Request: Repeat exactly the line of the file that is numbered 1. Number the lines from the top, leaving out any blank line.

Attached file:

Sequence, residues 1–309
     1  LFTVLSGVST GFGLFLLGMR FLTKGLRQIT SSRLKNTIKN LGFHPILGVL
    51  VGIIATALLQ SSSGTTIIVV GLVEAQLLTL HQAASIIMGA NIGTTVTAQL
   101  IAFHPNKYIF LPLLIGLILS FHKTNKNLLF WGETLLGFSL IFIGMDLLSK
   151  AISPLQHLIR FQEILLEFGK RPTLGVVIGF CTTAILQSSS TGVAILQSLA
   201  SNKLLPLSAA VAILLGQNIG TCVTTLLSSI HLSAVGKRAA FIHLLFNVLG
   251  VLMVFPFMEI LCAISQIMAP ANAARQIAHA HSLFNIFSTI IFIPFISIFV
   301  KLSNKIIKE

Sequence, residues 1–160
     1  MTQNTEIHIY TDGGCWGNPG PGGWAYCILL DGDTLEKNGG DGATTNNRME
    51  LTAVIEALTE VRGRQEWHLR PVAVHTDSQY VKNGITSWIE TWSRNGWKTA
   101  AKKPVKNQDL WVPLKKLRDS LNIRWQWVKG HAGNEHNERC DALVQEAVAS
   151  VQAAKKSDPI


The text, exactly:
Sequence, residues 1–309